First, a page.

Childhood Leukemia (reduce Risk)                                                   Improves Liver Function

Cardiovascular Protection                                                                  Alzheimer’s (preventative care)

Inflammatory Bowel Disease (IBD)                                    Inhibits Cancer Cell Growth & Metastases

Protecting against heavy metal toxicity                                           Destroying multi-drug resistant cancer

Reducing unhealthy levels of inflammation                                    Destroy cancer stem cells (the root of all cancer)

Ulcerative Colitis (thickening of intestinal walls & mucosal ulceration)

May help prevent and reverse Alzheimer’s Disease (crosses Blood-Brain Barrier)

According to an article I read by Andrew Weil, M.D. Studies have shown the following benefits of Turmeric/Curcumin

Turmeric extract worked as well as a non-steroidal anti-inflammatory drug for treatment of osteoarthritis of the knee in a study published in the August 2009 issue of the Journal of Alternative and Complementary Medicine.

Laboratory studies suggest that curcumin acts as a week phytoestrogen and seems to have cancer protective effects.

Lab studies have also shown that curcumin induces programmed death of the colon cells and clinical trials are investigating the use of curcumin in the treatment of colon cancer.

Curcumin suppresses micro inflammation in the GI tract associated with inflammatory bowel disease.

Curcumin seriously slows new blood vessel formation in tumors, causes asphyxiation of tumors preventing their growth and metastases.

In animal’s curcumin prevents or slows cancer in the skin, breast, liver, fore-stomach, duodenum and colon.

When Purchasing Turmeric

Only purchase Organic Turmeric Raw Extraction, fresh root or powdered root that has been tested for heavy metal content. In the Us and Canada most conventional spices and herbs are irradiated using Cobalt-60 to extend shelf life and prevent spoilage. Conventionally grown Turmeric is contaminated by the pesticides. A fresh organic piece of turmeric root is fat and has no wrinkles in it, conventionally grown turmeric root is small, wrinkled and just doesn’t look healthy at all.

Precautions when using Turmeric/Curcumin and Piperine Don’t use turmeric/curcumin if you have bile duct dysfunction or gallstones. Pregnant woman should always consult their physician before taking supplements. If you are undergoing chemotherapy speak with your physician before taking turmeric/curcumin. Piperine may interact or slow the elimination with certain prescriptions drugs so speak with your physician.

The University of Maryland Medical Center recommends the following dosages for adults. Raw root: 1.5-3 grams Powdered turmeric: 1-3 gram Curcumin Powder: 400-600 mg, three times a day Liquid extract (1:1): 30-90 drop Tincture (1:2); 15-30 drops, four times a day

Studies have shown that higher doses of turmeric are needed for greater medicinal benefits. Standard dosage may be better for preventative, every day use.

Turmeric in the kitchen

Turmeric Apples Sautee apples with fresh turmeric

Turmeric Eggs Add powdered turmeric to scrambled eggs or frittatas

Turmeric Greens Fresh or powdered turmeric goes well with sauteed or braised kale, cabbage, collard greens

Turmeric Lentils Fresh or powdered turmeric goes great with lentils

Fresh black pepper, turmeric in coconut oil Peel desired amount of turmeric place in blender or food processor Add desired amount of fresh ground black pepper to activate Curcumin Add small amount of coconut oil, blend until a creamy consistency, add oil as you go until you get a consistency you are able to swallow by the spoonful. Store in a mason jar on counter for a few days. Make small batches and remember “fresh is best”.  The medicinal qualities die in the heat so most supplements are useless.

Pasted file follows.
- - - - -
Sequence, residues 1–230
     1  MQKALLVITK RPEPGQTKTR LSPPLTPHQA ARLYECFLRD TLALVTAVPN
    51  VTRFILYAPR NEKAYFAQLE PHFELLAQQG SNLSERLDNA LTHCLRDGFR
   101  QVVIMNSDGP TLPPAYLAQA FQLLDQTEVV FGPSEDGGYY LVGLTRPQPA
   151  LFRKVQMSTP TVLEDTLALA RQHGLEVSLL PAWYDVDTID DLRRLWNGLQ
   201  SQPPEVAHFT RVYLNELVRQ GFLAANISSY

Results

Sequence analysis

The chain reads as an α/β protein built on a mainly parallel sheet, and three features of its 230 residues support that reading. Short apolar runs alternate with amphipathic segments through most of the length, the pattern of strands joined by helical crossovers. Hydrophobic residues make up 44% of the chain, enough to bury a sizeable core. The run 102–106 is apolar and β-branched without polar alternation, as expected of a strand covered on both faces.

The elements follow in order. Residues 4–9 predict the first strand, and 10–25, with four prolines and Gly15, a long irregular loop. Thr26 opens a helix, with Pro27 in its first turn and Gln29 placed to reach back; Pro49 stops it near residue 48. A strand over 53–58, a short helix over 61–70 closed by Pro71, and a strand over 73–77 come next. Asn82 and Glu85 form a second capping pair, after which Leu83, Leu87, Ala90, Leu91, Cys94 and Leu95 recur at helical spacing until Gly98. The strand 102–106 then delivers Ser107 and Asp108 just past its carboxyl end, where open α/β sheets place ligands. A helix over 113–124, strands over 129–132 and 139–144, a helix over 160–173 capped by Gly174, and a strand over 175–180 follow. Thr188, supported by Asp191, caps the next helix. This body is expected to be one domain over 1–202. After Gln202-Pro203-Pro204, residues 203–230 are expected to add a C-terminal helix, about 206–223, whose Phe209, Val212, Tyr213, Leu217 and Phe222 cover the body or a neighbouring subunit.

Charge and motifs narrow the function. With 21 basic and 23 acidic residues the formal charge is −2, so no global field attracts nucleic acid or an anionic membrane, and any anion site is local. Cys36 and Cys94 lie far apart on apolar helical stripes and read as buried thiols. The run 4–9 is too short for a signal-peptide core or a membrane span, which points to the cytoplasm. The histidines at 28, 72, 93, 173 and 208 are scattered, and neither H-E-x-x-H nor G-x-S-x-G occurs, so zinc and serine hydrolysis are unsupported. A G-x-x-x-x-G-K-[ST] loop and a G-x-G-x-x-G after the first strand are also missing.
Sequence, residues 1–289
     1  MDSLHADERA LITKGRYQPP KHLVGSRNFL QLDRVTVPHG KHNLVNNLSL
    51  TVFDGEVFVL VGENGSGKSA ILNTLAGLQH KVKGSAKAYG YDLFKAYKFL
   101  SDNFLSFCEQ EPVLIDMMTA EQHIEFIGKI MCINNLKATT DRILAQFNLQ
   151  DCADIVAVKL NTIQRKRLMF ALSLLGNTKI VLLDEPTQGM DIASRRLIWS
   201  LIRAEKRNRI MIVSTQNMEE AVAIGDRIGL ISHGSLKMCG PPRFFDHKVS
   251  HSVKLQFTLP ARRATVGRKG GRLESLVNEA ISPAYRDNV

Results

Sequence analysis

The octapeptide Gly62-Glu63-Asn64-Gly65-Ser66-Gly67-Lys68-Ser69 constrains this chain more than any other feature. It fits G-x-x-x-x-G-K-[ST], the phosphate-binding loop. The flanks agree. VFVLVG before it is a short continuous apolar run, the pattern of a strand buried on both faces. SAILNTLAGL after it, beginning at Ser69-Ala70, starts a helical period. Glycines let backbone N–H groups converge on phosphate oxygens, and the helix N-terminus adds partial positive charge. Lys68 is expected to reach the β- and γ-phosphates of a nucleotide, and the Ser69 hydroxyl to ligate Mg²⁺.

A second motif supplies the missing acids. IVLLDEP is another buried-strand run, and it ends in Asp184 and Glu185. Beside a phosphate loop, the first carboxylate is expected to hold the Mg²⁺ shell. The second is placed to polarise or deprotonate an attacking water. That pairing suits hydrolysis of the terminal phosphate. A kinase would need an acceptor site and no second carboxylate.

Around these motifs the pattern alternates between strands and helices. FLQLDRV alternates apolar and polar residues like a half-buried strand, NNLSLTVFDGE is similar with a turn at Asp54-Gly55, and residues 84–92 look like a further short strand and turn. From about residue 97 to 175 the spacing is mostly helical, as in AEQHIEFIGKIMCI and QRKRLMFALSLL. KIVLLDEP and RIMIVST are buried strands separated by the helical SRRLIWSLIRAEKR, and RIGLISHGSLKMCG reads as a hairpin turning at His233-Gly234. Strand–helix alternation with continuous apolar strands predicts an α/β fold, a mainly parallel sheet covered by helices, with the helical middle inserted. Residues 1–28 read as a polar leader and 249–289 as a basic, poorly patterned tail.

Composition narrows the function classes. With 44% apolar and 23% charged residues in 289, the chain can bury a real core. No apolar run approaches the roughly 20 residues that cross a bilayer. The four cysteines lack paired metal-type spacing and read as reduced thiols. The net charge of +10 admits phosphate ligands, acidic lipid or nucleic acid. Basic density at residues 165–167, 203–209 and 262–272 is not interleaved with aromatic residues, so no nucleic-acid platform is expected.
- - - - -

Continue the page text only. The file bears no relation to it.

Roasted Vegetables & Turmeric Fresh turmeric goes well with cauliflower, potatoes, cauliflower, carrots, rutabaga, celery, turnips, onions, jicama Try cauliflower with ginger, turmeric and cumin Green beans and onions with turmeric

Turmeric Rice Add a dash of turmeric to any rice dish for a little heat and a beautiful color. Goes well with yellow rice, brown rice, cashews, raisins, turmeric, cumin and coriander

Soups Seasoned Turmeric Add to any soup for its warm peppery flavor

Vegetable Dip & Turmeric Powdered turmeric, dried onions, soy free vegan mayonnaise, salt, pepper. Serve with root vegetables

Tropical Oatmeal Smoothie 2 tablespoons rolled oats 1 cup water or orange juice 1 carrot sliced 1 mango Few chunks of melon of your choice ½ inch fresh organic turmeric, peeled and chopped or 1/2 teaspoon ground turmeric ½ teaspoon freshly ground black pepper 1 tablespoon coconut oil 3 chunks dried fruit (apricots, pineapple, papaya) Blend oatmeal dry, add remaining. May add ice if desired.

Tropical Green Smoothie

1cup coconut water or coconut milk

1 cup compressed leafy greens (kale, spinach, watercress, lettuce)

¼ avocado

Green apple or 2 kiwis

½ inch Fresh turmeric (1/2 teaspoon ground)

1 tablespoon coconut oil (only if you used coconut water and no avocado)

¼ teaspoon freshly ground black pepper

A little honey, maple syrup or stevia if desired

Blend all ingredients together.

Disclaimer: The strategies, suggestions and techniques expressed here are intended to be used for educational purposes only. The Author, Kira Miller, is not rendering medical advice nor is she trying to diagnose, prescribe or treat any disease, condition, illness or injury.
If you are under the care of a physician, it is imperative that you consult their advice before beginning any new exercise or nutrition program.
Kira Miller claims no responsibility to any person or entity for any liability, loss or damage alleged to be caused directly or indirectly as a result of the use, application or interpretation of the material presented here.